Ahmad Shah Durrani : biography
Ahmad Shāh Durrānī (1722 – 16 October 1772) (Pashto/), also known as Ahmad Khān Abdālī (Pashto/Persian: احمد خان ابدالي), was the founder of the Durrani Empire and is regarded to be the founder of the modern state of Afghanistan.
Ahmad Shah enlisted as a young soldier in the military of the Afsharid kingdom and quickly rose to become a commander of four thousand Abdali Pashtun soldiers. After the death of Nader Shah Afshar of Persia in June 1747, Abdali became the Emir of Khorasan. Rallying his Pashtun tribes and allies, he pushed east towards the Mughal and the Maratha Empire of India, west towards the disintegrating Afsharid Empire of Persia, and north toward the Khanate of Bukhara. Within a few years, he extended Afghan control from Khorasan in the west to Kashmir and North India in the east, and from the Amu Darya in the north to the Arabian Sea in the south. Ahmad Shah’s mausoleum is located at Kandahar, Afghanistan, adjacent to the Shrine of the Cloak of Prophet Muhammad in the center of the city. The Afghans often refer to him as Ahmad Shāh Bābā ("Ahmad Shah the Father").
Ahmad Shah’s poetry
Ahmad Shah wrote a collection of odes in his native Pashto language. He was also the author of several poems in Persian. The most famous Pashto poem he wrote was Love of a Nation:
Rise to power
In October 1747, the chiefs of the Abdali tribes met near Kandahar for a Loya Jirga to choose a leader. For nine days serious discussions were held among the candidates in the Argah. Ahmad Shah kept silent by not campaigning for himself. At last Sabir Shah, a religious figure from the area, came out of his sanctuary and stood before those in the Jirga and said, "He found no one worthy for leadership except Ahmah Shah. He is the most trustworthy and talented for the job. He had Sabir’s blessing for the nomination because only his shoulders could carry this responsibility". The leaders and everyone agreed unanimously. Ahmad Shah was chosen to lead the Afghan tribes. Coins where struck after his coronation as King occurred near the tomb of Shaikh Surkh, adjacent to Nader Abad Fort.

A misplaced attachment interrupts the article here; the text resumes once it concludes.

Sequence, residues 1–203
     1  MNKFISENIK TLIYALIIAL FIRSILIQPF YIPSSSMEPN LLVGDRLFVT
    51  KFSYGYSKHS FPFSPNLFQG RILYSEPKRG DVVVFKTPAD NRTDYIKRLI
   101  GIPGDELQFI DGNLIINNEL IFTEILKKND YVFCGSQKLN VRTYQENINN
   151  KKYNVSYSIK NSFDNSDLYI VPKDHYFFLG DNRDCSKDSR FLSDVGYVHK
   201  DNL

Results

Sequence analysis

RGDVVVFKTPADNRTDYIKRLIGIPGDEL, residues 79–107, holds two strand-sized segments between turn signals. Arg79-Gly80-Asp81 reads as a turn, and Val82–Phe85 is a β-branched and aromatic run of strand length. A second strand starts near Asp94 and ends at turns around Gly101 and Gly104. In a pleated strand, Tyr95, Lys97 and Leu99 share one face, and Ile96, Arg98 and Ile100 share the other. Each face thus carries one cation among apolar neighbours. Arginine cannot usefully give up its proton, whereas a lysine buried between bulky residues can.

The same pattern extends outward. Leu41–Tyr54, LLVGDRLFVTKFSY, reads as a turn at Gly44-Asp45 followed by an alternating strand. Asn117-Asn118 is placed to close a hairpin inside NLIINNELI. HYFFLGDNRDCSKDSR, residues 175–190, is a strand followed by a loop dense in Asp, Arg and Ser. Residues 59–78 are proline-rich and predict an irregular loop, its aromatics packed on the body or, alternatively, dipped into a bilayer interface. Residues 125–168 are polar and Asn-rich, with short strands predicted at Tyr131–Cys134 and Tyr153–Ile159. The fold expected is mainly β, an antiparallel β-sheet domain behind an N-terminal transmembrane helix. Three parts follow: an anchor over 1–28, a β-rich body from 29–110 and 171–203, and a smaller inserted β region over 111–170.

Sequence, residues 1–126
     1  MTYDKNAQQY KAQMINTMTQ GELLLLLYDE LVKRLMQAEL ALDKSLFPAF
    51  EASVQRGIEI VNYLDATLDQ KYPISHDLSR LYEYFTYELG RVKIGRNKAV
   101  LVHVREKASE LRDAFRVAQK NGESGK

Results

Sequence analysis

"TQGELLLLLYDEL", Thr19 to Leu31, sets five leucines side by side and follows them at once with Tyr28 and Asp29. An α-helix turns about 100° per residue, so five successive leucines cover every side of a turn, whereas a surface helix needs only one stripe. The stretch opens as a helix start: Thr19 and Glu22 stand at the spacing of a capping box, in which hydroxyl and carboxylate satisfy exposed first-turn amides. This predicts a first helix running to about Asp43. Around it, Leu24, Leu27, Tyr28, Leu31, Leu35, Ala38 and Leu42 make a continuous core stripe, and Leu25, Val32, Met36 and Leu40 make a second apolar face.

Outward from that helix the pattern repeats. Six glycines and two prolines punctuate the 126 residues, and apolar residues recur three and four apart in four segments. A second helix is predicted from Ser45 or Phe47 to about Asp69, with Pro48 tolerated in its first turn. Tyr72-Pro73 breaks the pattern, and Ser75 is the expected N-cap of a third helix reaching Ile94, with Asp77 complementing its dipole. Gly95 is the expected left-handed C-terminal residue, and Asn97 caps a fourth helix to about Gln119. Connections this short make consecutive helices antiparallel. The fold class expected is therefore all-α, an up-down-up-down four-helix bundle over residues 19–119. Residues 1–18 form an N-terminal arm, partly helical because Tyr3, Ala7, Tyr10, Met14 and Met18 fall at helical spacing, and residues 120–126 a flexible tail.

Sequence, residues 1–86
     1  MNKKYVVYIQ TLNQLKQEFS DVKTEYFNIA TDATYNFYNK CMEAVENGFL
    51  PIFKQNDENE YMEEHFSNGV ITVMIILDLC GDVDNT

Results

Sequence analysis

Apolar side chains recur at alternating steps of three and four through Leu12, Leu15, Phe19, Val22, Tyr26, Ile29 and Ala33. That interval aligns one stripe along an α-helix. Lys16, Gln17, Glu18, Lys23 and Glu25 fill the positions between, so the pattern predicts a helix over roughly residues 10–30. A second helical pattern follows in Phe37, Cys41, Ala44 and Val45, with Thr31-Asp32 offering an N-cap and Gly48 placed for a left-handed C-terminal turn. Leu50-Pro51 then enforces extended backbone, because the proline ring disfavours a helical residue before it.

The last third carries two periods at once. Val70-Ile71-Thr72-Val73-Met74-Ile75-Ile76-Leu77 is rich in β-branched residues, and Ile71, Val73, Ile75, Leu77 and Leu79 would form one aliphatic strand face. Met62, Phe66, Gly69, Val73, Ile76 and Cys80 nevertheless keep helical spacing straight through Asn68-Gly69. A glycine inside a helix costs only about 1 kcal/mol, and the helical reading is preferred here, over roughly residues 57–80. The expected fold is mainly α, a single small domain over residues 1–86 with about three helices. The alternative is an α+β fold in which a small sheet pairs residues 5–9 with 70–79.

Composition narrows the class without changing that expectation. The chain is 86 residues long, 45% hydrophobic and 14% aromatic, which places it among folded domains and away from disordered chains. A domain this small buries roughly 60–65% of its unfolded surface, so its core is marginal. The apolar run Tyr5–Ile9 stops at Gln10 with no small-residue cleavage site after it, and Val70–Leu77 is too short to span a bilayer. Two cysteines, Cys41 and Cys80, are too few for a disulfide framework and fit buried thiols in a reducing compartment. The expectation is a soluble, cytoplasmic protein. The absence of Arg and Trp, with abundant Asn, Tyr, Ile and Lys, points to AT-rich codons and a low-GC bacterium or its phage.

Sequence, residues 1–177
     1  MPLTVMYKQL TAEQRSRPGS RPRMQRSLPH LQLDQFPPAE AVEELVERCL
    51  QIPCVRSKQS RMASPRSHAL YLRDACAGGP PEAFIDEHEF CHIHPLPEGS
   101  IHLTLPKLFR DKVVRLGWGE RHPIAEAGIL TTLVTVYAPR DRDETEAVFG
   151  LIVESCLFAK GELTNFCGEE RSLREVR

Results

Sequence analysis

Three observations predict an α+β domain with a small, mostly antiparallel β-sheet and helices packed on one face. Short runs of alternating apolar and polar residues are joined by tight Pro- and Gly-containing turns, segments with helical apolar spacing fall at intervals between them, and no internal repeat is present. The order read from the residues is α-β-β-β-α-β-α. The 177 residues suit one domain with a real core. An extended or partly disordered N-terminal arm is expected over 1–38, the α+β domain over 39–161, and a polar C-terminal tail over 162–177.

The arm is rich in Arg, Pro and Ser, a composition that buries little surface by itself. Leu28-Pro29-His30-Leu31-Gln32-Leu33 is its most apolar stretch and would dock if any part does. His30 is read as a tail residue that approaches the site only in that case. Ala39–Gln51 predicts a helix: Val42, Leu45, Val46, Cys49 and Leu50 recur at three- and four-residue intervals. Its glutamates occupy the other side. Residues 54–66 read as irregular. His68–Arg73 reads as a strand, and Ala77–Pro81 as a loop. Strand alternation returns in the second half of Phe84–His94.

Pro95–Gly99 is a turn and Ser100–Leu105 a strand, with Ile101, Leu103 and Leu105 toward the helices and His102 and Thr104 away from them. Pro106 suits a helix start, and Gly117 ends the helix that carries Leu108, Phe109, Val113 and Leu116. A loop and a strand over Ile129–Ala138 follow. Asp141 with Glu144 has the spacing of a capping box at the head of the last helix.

Despite being younger than other claimants, Ahmad Shah had several overriding factors in his favour:
- He was a direct descendant of Sado, patriarch of the Sadozai clan, the most prominent tribe amongst the Pashtuns at the time;
- He was unquestionably a charismatic leader and seasoned warrior who had at his disposal a trained, mobile force of several thousand cavalrymen;
- Haji Ajmal Khan, the chief of the Mohammedzais (also known as Barakzais) which were rivals of the Sadodzais, already withdrew out of the election
One of Ahmad Shah’s first acts as chief was to adopt the titles Padishah-i-Ghazi ("victorious emperor"), and Durr-i-Durrani ("pearl of pearls" or "pearl of the age").
Death and legacy
Ahmad Shah Durrani died on 16 October 1772 in Kandahar Province. He was buried in the center of Kandahar city adjacent to the Shrine of the Cloak, where a large mausoleum was built. It has been described in the following way:
In his tomb his epitaph is written:
Ahmad Shah’s victory over the Marathas influenced the history of the subcontinent and, in particular, British policy in the region. His refusal to continue his campaigns deeper into India prevented a clash with the East India Company and allowed them to continue to acquire power and influence after their acquisition of Bengal in 1757. However, fear of another Afghan invasion was to haunt British policy for almost half a century after the battle of Panipat. The acknowledgment of Abdali’s military accomplishments is reflected in a British intelligence report on the Battle of Panipat, which referred to Ahmad Shah as the ‘King of Kings’. This fear led in 1798 to a British envoy being sent to the Persian court in part to instigate the Persians in their claims on Herat to forestall an Afghan invasion of British India. Mountstuart Elphinstone wrote of Ahmad Shah: